Glasgow was a place of exceptional economic buoyancy and urban growth. There was a prosperous middle class, dominated by businessmen and many well-paid skilled workers in engineering and shipbuilding. And yet everyday life for the mass of the population was one of poverty and uncertainty. Those who might be relatively prosperous at one stage of the life cycle could find themselves in circumstances of extreme deprivation in times of sickness, in widowhood and especially in old age. Rising living standards in the later 19th century seemed to by-pass the poorest and in 1914, despite the best efforts of philanthropists and reformers, Glasgow was still a byword for intractable human misery.
Everyday experience, regardless of income, was shaped by ill-health. Life for the poor in overcrowded, industrial cities such as Glasgow was especially likely to be influenced by sickness and early death. Indeed, between the 1820s and 1830s the average age of death in Glasgow, already low at about 42 years for men and 45 for women, fell by about five years. It only recovered to early 19th century levels in the 1880s, when killer diseases such as typhus were finally brought under control.
Poor nutrition led to chronic states of physical inefficiency among the working population. A School Board survey of 1906 revealed that a 14 year-old boy living in a poor area of Glasgow was, on average, 4 inches shorter than a similar-aged child from the city's West End. If you walked through the busy streets of this teeming city, the rich were easily differentiated from the poor because they were tall. Standards of living improved gradually in the later decades of the century but nutrition-related ill-health remained pervasive and visible in such conditions as rickets - causing bone damage to up to a third of Glasgow's children - and consumption, a chronic and debilitating respiratory condition.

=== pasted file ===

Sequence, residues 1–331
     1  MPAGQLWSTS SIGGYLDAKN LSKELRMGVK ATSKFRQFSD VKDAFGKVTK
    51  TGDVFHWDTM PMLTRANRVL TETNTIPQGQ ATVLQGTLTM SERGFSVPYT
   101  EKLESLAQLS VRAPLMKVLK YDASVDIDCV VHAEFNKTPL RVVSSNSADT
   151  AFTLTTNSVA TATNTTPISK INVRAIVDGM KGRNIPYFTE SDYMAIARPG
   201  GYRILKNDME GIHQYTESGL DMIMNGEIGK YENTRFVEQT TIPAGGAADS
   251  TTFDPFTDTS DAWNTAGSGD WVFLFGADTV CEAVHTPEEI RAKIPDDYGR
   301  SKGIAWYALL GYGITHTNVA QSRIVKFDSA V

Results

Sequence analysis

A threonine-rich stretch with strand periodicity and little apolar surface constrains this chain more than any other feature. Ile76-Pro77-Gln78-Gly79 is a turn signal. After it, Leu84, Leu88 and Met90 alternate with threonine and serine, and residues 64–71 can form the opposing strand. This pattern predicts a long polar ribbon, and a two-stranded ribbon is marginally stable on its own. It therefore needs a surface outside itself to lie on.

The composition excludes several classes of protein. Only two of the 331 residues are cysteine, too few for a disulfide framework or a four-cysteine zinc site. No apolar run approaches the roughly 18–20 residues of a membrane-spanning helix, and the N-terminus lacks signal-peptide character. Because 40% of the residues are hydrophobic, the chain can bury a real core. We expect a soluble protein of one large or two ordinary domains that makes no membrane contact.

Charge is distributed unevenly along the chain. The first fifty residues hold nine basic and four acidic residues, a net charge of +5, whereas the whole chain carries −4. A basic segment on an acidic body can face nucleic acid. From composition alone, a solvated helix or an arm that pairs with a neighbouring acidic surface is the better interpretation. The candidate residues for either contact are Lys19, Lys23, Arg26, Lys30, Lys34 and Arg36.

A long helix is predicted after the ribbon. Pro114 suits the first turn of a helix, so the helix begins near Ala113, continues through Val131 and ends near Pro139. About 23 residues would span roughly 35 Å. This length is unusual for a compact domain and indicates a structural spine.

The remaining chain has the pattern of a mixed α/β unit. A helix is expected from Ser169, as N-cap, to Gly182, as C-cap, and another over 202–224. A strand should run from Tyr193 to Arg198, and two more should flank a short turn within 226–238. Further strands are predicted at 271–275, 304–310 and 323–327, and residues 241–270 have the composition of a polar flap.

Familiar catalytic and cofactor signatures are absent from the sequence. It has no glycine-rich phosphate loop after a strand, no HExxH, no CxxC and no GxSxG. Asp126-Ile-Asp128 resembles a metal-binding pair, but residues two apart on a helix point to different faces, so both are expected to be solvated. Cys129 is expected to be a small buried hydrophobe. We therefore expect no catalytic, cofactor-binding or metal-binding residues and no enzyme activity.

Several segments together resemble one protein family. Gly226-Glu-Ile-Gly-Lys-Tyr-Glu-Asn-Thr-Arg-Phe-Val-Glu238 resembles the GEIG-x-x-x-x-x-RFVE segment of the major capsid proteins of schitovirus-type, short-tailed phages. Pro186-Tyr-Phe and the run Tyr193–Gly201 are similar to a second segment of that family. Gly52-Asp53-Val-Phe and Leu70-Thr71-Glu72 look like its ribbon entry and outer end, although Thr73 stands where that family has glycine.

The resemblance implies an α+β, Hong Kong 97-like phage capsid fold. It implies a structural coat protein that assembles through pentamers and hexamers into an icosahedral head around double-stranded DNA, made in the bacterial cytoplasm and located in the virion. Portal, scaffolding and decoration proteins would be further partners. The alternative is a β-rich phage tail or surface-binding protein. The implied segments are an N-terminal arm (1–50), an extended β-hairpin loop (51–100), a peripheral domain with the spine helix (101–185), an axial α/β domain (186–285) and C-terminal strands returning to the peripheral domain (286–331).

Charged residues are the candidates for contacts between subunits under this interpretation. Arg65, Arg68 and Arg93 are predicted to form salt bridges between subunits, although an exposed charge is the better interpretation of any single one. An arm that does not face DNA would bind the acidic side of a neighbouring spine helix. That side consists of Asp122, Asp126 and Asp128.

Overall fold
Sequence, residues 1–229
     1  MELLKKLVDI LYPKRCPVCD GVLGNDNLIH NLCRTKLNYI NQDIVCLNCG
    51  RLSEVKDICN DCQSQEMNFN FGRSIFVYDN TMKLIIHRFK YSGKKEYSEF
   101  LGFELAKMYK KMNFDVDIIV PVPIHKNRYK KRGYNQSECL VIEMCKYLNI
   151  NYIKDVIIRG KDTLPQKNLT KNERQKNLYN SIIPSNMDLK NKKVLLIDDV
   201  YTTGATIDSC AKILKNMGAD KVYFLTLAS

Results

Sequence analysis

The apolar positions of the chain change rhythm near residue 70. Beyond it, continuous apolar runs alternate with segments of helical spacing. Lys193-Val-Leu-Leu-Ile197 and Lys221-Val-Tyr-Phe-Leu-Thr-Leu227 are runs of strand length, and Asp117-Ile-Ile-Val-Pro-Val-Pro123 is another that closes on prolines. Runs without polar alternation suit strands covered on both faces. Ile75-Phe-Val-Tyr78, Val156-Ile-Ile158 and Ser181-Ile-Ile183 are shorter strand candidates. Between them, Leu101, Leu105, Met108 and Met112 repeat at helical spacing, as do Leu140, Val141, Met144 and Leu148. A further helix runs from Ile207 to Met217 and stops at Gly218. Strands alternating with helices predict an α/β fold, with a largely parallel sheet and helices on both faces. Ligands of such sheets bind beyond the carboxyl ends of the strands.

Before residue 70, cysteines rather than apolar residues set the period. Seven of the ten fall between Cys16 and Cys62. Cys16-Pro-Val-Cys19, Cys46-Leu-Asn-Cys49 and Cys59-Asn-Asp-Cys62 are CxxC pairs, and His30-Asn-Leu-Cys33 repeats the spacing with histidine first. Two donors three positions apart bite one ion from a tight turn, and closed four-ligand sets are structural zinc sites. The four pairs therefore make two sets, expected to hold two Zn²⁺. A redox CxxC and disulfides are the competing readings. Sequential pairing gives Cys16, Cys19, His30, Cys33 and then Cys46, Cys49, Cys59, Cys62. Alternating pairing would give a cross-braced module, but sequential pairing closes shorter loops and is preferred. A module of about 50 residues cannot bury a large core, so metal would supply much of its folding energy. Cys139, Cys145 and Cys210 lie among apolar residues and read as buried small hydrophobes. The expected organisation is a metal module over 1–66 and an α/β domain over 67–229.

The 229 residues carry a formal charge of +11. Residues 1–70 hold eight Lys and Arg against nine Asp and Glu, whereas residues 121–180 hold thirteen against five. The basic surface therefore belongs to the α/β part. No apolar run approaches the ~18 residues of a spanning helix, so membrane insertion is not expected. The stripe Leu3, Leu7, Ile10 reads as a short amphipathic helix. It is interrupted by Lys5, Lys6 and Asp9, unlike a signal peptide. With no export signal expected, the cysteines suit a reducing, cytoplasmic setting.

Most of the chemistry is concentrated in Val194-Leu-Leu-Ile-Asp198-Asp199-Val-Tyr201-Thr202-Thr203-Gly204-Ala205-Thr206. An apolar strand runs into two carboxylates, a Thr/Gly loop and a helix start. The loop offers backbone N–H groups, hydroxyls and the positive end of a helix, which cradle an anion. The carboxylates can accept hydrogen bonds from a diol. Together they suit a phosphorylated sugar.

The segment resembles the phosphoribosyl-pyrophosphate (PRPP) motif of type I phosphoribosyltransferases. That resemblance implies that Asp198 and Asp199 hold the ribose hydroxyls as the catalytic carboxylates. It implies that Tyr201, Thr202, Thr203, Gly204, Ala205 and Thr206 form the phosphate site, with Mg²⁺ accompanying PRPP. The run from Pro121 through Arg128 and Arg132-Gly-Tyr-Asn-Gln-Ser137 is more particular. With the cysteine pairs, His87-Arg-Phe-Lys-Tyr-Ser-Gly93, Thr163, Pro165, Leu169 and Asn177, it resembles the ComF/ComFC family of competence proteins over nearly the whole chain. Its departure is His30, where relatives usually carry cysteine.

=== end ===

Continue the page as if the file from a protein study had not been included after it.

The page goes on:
The working lives of ordinary Glaswegians inevitably affected their health. Hours of work were long; much work involved hard physical labour and many people still worked out-of-doors. Work-related injuries were commonplace and many workers in manufacturing suffered the effects of the noxious substances with which they had daily contact. All of these circumstances took a massive toll on physical well-being, and left men and women in broken health and old before their time.
Simply living in the city was damaging to health. The 1830s witnessed major cholera outbreaks in Glasgow as elsewhere, affecting rich and poor alike. Air quality was bad due to industrial pollution and coal fires, which is why the middle classes migrated up-wind to the West End. The young and the old, the vulnerable in society, suffered most from the effects of poor living conditions. Even in the 1890s one in seven babies died in Glasgow, mainly from the common diseases of childhood such as measles and diarrhoea. Most families, be they rich or poor, experienced tragedy and grief arising from the death of children or the loss of a parent while children were still young. In an age that recognised death through elaborate funerals and complex mourning rituals, the death of a loved one could impose a major financial burden on a family and the shame of a pauper burial was keenly felt.